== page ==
The BBC’s new Director-General George Entwistle was on Tuesday grilled for two hours by MPs over allegations that the broadcaster covered up complaints of widespread sexual abuse of women and children by late Jimmy Savile, once one of its most pampered celebrity performers.
Mr. Entwistle was summoned before a special hearing of the Commons Culture Committee as the BBC struggled to defend its controversial decision to drop a report which investigated the Savile sex abuse scandal.
The report, based on his victims’ testimonies, was commissioned by Newsnight, BBC’s flagship current affairs programme. But it was axed at the last minute allegedly to avoid a clash with BBC’s Christmas tribute to Savile — two months after his death last October. The Editor of Newsnight has been forced to go on leave pending an investigation into his decision.
Mr. Entwistle told MPs that he did not believe the decision was taken under pressure from the BBC management but admitted that it had plunged the broadcaster into one of its worst crisis in recent times. He said the BBC was investigating up to 10 “serious allegations” involving current and past employees who may have known about Savile’s activities but took no action.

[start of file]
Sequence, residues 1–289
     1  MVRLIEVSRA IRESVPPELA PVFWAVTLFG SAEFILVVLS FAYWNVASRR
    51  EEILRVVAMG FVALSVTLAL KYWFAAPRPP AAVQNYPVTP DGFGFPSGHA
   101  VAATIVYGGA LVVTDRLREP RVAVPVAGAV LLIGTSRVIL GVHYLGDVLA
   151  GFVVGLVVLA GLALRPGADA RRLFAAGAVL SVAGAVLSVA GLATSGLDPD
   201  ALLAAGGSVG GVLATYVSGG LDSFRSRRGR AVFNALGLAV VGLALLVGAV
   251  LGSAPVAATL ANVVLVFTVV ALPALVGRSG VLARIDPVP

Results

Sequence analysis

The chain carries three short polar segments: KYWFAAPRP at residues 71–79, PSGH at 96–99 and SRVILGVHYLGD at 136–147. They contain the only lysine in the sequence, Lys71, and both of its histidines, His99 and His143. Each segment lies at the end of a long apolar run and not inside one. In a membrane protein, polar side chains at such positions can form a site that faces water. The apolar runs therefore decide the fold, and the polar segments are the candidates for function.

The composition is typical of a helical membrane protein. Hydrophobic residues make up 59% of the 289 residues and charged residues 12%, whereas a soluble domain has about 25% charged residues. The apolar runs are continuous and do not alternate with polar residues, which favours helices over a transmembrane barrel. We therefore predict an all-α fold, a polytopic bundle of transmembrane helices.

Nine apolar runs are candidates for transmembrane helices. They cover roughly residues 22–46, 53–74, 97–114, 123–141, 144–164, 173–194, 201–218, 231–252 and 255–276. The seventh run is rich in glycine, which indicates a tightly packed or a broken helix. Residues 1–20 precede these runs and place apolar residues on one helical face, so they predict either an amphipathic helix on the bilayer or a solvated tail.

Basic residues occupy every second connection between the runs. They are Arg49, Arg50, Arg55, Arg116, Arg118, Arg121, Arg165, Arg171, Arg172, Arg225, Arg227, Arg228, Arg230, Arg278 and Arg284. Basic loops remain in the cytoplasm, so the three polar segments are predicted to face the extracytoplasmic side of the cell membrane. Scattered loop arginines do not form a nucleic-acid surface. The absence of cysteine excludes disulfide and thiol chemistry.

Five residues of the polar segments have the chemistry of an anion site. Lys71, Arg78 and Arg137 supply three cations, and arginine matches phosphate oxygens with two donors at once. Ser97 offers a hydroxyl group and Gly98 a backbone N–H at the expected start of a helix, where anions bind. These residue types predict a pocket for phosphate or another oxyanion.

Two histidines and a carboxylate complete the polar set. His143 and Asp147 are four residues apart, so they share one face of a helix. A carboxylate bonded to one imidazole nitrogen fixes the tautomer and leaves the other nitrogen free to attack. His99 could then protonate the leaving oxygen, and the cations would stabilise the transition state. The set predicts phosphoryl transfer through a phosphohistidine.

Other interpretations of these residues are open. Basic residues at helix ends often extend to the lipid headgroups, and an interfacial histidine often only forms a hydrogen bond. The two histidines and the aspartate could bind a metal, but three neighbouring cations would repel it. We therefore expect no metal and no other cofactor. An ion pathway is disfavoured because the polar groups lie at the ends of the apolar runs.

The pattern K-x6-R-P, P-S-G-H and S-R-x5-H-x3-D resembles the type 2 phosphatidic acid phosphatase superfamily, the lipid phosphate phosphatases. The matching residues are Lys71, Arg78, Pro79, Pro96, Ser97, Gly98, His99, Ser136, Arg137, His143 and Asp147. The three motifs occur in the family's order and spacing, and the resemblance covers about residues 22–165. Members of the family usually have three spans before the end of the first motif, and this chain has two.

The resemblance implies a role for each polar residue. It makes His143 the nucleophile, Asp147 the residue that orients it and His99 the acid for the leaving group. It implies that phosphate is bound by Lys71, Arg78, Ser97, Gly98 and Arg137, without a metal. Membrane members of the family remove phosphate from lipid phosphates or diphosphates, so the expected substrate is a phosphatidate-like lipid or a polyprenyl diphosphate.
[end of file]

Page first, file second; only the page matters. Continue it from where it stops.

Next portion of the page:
Savile, who dominated British television in the 1960s, 70s and the 80s, was alleged to have abused women and children often on the BBC premises.
Mr. Entwistle admitted that a “broader cultural problem” allowed Savile to get away.
“There is no question that what Jimmy Savile did and the way the BBC behaved in the years — the culture and practices of the BBC seems to allow Jimmy Savile to do what he did — will raise questions of trust for us and reputation for us,’’ he told the committee.
Police have launched a criminal investigation into allegations of sexual abuse by Savile at several public institutions, including hospitals.